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Mali, the Snow Fairy

"Well, at least it's not raining today like yesterday!" Mali said as her mom brought her to kindergarten. She was in a bad mood and didn't feel like going at all. "Why can't I simply stay with you? Listen, I have a really bad cough," Mali complained and coughed three times. "Oh, Mali," Mom replied, "that's just a fake cough. Yesterday at grandma's, you heard what a real cough sounds like. I have to take her to the doctor, and it will be much too boring for you in the waiting room." "You're right again!" Mali had to admit. "But you will pick me as early as possible, ok?" Mom nodded as she squeezed Mali's hand. "As early as possible!" she promised.

As they headed across the yard of the kindergarten, Mali saw that the large puddle from the rain the day before was covered with a layer of ice. "Look, Mom, there's ice on the puddle!" Mali said, carefully placing her boot on it. A cracking sound rang out and the thin layer of ice broke. "Be careful!" Mom said, "That sort of ice is rather slippery. Fortunately not all the walkways are icy; otherwise the path would have turned into a really nice sliding adventure. But maybe your wish yesterday is going to be fulfilled." Mali's eyes began to light up. "You mean that it's going to snow today?" Mom laughed: "Yes, you little snow fairy. You complained all afternoon yesterday about the cold rain and wished for snow with your fairy wand. In the weather forecast, they said that it still might snow today." 

After Mali hung up her coat in the cloakroom, she quickly ran to her class and immediately told her best friend Imke: "Imagine, it might still snow today. They said so in the weather forecast." "That would be great!" Imke said enthusiastically. "Come, let's do a snowflake dance, maybe that will also help some," she suggested. Mali and Imke looked for a free corner in the classroom and began to perform ballet movements. Lilli and Elise, who had just put together a jigsaw puzzle, looked up with surprise. "Hey, what are you doing?" Elise asked. "We're doing a snowflake dance, so it might still snow today," Imke explained. "May we join you?" Lilli asked. "Of course! I'll show you the steps we learned in ballet school, they're not hard at all," Mali replied. She turned around and swayed her arms elegantly from right to left. It really didn't look hard, and Lilli and Elise quickly noticed how much fun the snowflake dance was. The four girls got red cheeks in no time, and they started to feel warm.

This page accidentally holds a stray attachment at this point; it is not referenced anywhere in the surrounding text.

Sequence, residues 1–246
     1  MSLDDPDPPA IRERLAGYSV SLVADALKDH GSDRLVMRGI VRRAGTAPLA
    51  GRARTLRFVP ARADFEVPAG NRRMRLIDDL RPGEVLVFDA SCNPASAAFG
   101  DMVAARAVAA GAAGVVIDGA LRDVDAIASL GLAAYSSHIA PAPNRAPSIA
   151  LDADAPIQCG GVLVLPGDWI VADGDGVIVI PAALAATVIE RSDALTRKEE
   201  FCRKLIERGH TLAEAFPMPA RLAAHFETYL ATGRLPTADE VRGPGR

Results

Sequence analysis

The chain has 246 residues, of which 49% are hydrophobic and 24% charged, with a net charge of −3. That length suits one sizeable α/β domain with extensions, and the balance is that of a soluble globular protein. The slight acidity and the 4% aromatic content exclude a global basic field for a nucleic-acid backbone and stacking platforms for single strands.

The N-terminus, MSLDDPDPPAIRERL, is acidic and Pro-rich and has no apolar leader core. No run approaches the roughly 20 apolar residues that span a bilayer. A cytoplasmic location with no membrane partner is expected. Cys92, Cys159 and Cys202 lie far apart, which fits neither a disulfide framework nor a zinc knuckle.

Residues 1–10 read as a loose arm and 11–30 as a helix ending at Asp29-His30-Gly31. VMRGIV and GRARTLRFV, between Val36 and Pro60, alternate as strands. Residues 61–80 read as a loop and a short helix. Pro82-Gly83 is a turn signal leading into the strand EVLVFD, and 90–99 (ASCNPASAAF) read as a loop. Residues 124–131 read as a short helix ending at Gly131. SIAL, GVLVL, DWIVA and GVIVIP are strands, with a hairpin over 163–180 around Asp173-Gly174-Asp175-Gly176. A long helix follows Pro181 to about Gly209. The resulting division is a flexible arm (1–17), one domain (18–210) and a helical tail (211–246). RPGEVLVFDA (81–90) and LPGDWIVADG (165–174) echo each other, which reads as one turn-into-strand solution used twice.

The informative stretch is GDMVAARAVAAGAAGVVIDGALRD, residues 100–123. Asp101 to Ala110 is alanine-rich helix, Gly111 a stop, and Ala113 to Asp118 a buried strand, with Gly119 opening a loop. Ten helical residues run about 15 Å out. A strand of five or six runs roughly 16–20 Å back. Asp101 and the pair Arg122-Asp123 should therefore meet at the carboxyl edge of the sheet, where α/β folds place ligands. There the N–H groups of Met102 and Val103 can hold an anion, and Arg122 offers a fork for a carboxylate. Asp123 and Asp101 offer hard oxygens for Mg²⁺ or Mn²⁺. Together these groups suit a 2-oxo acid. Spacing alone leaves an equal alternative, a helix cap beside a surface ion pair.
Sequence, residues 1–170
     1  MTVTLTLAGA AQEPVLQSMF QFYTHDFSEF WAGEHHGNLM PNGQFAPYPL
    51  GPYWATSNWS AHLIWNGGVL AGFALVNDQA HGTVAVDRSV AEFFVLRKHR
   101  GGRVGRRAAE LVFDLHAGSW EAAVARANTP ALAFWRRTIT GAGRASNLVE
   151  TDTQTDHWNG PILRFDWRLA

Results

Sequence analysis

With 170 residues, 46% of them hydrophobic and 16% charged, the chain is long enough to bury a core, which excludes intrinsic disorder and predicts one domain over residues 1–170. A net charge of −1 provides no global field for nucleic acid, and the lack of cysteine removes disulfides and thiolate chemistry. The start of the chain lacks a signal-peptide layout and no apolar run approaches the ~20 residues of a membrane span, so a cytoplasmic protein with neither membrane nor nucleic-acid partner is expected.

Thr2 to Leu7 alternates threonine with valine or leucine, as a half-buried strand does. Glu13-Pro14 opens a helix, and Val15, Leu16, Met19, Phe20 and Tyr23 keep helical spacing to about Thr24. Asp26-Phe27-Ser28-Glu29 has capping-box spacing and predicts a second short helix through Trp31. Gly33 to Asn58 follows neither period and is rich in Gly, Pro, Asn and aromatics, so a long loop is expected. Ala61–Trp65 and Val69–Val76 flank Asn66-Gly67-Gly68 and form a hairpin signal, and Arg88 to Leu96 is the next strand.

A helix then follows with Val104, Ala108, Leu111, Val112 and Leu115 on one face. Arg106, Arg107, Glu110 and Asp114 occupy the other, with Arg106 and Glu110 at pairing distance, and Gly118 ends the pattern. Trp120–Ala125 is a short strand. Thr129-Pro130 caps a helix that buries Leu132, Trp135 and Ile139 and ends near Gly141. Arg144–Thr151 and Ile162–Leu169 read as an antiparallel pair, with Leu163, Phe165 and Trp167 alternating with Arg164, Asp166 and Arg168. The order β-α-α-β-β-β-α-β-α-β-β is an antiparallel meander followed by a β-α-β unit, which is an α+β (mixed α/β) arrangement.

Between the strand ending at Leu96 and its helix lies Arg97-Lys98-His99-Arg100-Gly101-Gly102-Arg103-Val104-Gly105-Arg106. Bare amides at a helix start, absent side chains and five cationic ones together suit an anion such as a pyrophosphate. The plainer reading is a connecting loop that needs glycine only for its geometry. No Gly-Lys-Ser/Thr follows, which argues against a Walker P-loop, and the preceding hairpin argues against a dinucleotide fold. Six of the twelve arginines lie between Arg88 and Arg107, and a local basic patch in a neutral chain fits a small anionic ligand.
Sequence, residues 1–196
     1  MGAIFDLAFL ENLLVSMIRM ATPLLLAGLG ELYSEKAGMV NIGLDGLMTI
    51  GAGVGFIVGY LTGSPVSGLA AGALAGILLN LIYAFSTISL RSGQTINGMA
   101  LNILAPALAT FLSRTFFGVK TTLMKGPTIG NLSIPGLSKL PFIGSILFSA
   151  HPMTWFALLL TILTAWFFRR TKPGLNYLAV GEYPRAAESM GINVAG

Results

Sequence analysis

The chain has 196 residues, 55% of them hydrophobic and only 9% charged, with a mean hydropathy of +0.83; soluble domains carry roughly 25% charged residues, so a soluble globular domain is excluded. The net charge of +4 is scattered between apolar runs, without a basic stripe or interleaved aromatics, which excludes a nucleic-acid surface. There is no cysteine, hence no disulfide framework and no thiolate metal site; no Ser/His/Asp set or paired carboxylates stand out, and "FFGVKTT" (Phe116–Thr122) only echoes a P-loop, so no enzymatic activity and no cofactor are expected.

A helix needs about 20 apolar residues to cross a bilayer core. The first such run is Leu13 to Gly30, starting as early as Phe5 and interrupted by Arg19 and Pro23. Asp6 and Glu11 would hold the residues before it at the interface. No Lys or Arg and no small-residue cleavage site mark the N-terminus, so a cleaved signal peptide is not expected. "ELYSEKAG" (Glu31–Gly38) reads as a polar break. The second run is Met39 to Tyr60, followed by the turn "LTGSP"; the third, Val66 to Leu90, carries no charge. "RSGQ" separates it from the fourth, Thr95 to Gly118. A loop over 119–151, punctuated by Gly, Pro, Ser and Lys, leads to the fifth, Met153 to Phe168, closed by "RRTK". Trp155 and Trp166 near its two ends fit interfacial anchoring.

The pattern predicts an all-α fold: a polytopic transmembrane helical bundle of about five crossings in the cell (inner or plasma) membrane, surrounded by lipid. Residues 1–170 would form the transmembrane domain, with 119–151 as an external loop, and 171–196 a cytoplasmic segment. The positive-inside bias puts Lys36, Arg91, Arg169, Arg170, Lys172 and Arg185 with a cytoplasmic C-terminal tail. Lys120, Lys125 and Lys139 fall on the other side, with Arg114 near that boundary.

"Hey, what kind of gymnastics is that?" Matze asked as he laughed and copied the girls' movements. "You can't make it snow just by dancing, that's crazy!" "Matze, cut it out! That's not very nice!" Imke said as she shoved him away. "But I'm a super elegant ballet mouse just like you girls," replied Matze, swinging his arms wildly through the air. That looked so funny that everyone had to laugh. "Quiet down, children," said Nina, one of the kindergarten teachers. "I think that the girls' snowflake dance has helped a bit after all. Look out the window!" And indeed, outside small snowflakes were floating down from the sky. "Yes, it's snowing," rejoiced Mali, sticking her tongue out at Matze. "Now you can see what we ballet girls can do." "Now, now, Mali, that's not polite," Nina scolded, then added: "After breakfast, you may play outside in the snowflakes." The children could hardly wait. While they ate, they watched as a white carpet was laid down in the yard, and the bushes and trees looked as if they were sprinkled with powdered sugar. Rarely had the children gotten dressed for going outside as quickly as today, and all of them were soon flitting back and forth through the yard and garden in front of the house. Nina placed herself next to the icy puddle and made sure that no one slipped on it. All the children’s shoes quickly trampled down the carpet of snow, but fortunately it continued to snow. Mali and Imke spun around in circles and danced with the snowflakes. Elise, Lilli and Milla rolled snowballs and built a little snowman with them. And Matze? He and Felicitas had a wild snowball fight and chased each other across the yard. Completely frozen but with their eyes sparkling, the children returned to the classroom after an hour outside. Saskia, the other teacher, had meanwhile prepared the craft table and explained to the children what she had planned for them. "Look, when you fold the paper three times and cut out small corners from the edge, the result is a beautiful snowflake." The children were excited and got right to work. Snip, snap, snip, beautiful snowflakes were created, and in no time, the craft table was covered with white scraps of paper. While Saskia stuck the finished snow stars onto the window, Milla pushed all the scraps of paper on the table into a small pile. Matze reached into the pile and threw a handful of scraps into the air. "Look here! Although I can't do a snowball dance, I can make it snow in the classroom!" he said laughing. "Hooray, here's some more snow!" rejoiced Felicitas as she too threw scraps of paper into the air. "Halt, stop!" cried Saskia, shaking her head. Now all the scraps of paper were scattered all over the craft area and the children. Lilli and Imke had paper scraps in their hair, and Elise was just then trying to shake the scraps out of the hood of her sweater. Saskia had to smile as she handed Matze the broom. "So, you great snow wizard, anyone who can scatter snowflakes also has to sweep them up. And Felicitas, you can help out too." Both of them laughed as they got to work, and they were not yet done when Mali's mom picked her up. "And, my sweetheart, are you happy about the snow?“ she asked. "Yes, very happy. And look at our beautiful paper snow stars," replied Mali, pointing to the window. "I want to get home quickly and continue to make things. A whole lot of snow stars for my window in the children's room." Mali pulled her mom into the cloakroom and added: "I also have to tell you about our snowflake dance. And I'd really like to make a snow angel in our backyard." Mom laughed: "Well, go for it, you little snow fairy!"